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A Grand Idea for a Walk

I finally bought what I’m sure will be first of many maps and map books for the Continental Divide Trail. “So what? Are you going to hike it?” you may be asking. The shortest answer is yes, I’m going to hike it. The more important, and probably the more interesting question is why am I going to hike it. I’ve been thinking about this question a lot lately and I’m sure that as I rack up the miles, the answers will change. Some may fall away, others will change and still entirely new answers will emerge. There are some answers at the moment, and I’m pretty comfortable and pleased that there are more than a few because its actually taken a number of catalysts to bring me to this place. Perhaps first and foremost, the last few years have been really difficult ones for me. I’ve had to do a lot of redefining of myself, although rediscovering may be a more accurate way of stating it. When you ask yourself “what do I want” and are answered with an empty silence, its pretty damn frightening. I had a lot of dreams growing up, adventures I wanted to have, but because of various things, I let them slide away for a number of years….to the point where I had a hard time even remembering them.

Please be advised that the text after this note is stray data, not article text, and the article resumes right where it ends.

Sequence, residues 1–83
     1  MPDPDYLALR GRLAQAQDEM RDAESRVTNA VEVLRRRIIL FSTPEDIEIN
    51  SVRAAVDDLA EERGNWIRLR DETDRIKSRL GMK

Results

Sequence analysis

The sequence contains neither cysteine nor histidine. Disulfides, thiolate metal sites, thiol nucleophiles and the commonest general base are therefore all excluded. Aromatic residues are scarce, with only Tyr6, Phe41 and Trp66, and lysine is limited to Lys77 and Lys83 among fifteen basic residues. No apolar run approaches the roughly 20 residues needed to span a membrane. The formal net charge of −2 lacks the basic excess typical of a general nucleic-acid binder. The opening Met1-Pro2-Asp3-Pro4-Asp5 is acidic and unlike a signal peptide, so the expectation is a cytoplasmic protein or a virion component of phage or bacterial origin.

When I was in high school I had a really strong desire to go somewhere big, to put a pack on my back and start walking. This big place was never the far flung exotic locals you see on travel shows where your afternoon guided hike along a trail with handrails ends in umbrella drinks on a beach somewhere. I remember sneaking copies of Outside Magazine into class so I could read about long distance treks through mountains and deserts and feeling pulled west. As I’ve thought about this over the last year or so, the great American trails have wriggled themselves into my thinking. More than a few friends of mine have worked the Appalachian Trail, but its in the wrong direction. I like the east coast, but its just not right for me. The Pacific Crest Trail is certainly in the west, but it seems like its defined by the ocean and I’ve never been a big fan of that much water at one time. Those are the oldest, best known of the big trails in America, but neither has felt right for me. Living in New Mexico, I’d heard of the CDT but honestly didn’t know much about it. Figuring that it must at least be close to home, I started researching it. The more I read about the CDT, the more the 17 year old in me wanted to jump out of his school desk and run out the door. The King of Trails feels right. Its a massive challenge, 3100 miles, much of which I’m betting I’ll have to hike both ways as solo hikes. It will take me from my home to some territory I knew as a boy growing up while visiting my Grandpa in South Dakota….we went into Wyoming more than a few times. Most importantly though, when I ask myself if I really want to do this there is no silence, just a simple, satisfied “yes”.